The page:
Last-minute bid for BHS as liquidation threat looms
A consortium led by a former Mothercare boss is thought to be the frontrunner to rescue BHS.
Greg Tufnell, brother of former England cricketer Phil Tufnell, is leading Richess Group, a newly formed vehicle.
Other bidders, including Matalan founder John Hargreaves, are understood to have fallen out of the running.
Sources close to the process say that if no buyer is found soon, BHS is likely to be liquidated, putting the retailer's 11,000 staff out of work.
Administrators for the department store chain had hoped to strike a deal by the start of this week, but the emergence of the last-minute bid has delayed the process.
The Richess Group is thought to be backed by a wealthy Portuguese family.
Analysis: Simon Jack, BBC business editor
It is thought the Portuguese bid for the whole company as a going concern is currently the highest offer.
But, as the personnel and sources of funds are less well known than other bids, the administrator's due diligence may take longer than thought and stretch into next week.
In other words, the administrators are rowing back slightly from a previous warning that the company might be liquidated if no deal is done by close of business Friday.
Greg Tufnell was managing director of Mothercare from 1997 to 2000 and held a similar role at Burton, part of the Arcadia Group, for three years before that.
He is a director of House of Britannia, an investment firm that owns brands including glovemaker Cornella James, which counts the Queen among its customers.
Meanwhile City firms that advised on the sale of BHS appeared before MPs on Wednesday.
Mark Byers, a partner at Grant Thornton, said his firm was unable to give a full picture of the retailer's pension scheme because it was not given access to its trustees.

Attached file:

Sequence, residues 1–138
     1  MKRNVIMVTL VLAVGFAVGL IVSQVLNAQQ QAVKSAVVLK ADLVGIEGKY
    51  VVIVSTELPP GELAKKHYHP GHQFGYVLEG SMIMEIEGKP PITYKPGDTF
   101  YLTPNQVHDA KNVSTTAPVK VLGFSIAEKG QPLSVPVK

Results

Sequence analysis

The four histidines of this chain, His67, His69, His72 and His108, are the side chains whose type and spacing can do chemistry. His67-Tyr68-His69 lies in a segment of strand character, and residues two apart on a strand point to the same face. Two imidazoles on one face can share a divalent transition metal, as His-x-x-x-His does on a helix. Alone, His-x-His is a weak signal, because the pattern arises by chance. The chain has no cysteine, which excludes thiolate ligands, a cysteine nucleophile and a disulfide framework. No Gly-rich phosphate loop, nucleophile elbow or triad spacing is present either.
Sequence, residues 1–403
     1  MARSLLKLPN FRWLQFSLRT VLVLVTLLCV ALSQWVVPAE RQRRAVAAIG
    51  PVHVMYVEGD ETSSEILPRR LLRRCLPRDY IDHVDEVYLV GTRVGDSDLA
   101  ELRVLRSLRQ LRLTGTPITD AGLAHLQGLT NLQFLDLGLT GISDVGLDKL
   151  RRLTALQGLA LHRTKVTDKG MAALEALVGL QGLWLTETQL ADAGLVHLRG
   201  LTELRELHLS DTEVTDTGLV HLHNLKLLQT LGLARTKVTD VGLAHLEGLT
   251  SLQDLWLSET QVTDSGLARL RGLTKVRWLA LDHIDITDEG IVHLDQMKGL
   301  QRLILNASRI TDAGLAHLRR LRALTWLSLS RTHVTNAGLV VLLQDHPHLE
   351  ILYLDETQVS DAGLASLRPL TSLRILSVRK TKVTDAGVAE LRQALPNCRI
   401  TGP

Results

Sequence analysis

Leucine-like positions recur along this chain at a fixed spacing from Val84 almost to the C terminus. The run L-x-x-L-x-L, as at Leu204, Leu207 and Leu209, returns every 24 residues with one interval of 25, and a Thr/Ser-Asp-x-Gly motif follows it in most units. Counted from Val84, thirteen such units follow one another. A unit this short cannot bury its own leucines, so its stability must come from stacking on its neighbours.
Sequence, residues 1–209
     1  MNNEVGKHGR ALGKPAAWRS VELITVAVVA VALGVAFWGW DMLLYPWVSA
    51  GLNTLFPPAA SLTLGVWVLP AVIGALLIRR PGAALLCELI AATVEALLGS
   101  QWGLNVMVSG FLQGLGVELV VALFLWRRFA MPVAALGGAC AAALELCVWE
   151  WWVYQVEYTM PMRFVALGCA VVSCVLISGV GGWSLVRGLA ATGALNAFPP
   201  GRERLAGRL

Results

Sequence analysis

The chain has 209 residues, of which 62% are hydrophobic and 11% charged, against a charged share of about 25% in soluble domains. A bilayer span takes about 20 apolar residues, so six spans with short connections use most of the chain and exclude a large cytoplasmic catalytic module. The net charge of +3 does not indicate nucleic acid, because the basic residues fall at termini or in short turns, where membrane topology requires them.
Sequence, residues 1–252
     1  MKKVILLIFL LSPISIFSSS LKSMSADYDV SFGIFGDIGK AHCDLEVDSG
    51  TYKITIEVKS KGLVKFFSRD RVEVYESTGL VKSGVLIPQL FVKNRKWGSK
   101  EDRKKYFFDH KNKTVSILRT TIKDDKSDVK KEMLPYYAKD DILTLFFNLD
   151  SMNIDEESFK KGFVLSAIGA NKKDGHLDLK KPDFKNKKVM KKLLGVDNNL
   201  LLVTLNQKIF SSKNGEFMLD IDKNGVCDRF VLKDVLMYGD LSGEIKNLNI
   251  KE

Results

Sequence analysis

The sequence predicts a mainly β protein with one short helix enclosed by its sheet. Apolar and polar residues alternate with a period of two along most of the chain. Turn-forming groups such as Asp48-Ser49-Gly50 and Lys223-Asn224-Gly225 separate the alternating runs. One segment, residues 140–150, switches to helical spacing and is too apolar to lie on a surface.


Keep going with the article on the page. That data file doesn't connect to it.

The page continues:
He said its audit reflected its "relatively limited" information on the scheme.
BHS was sold to Retail Acquisitions for a £1 in 2015.
It entered administration in April this year with a £571m pension deficit.
The group was headed by Dominic Chappell, a former racing driver who had previously been declared bankrupt.
Stephen Hermer, from law firm Olswang, which also advised Mr Chappell on the sale, declined to comment on Mr Chappell's business acumen or character when asked by MPs.
He said his firm's role was to carry out due diligence on the retailer.
On Monday, Goldman Sachs banker Anthony Gutman, told MPs that he had told a key executive from Sir Philip's company about the risks of selling BHS to Dominic Chappell.
Mr Gutman said he had told Paul Budge, finance director of Arcadia, about Mr Chappell's history of bankruptcy and lack of retail experience.
The two parliamentary committees, which are trying to ascertain what led to the retailer going into administration, also questioned the chairman of the BHS pension scheme trustee board, Chris Martin.
He revealed that his firm had received about £250,000 in fees from the pension scheme.
He also said the trustees had sought assurances that Retail Acquisitions had enough working capital before BHS was sold.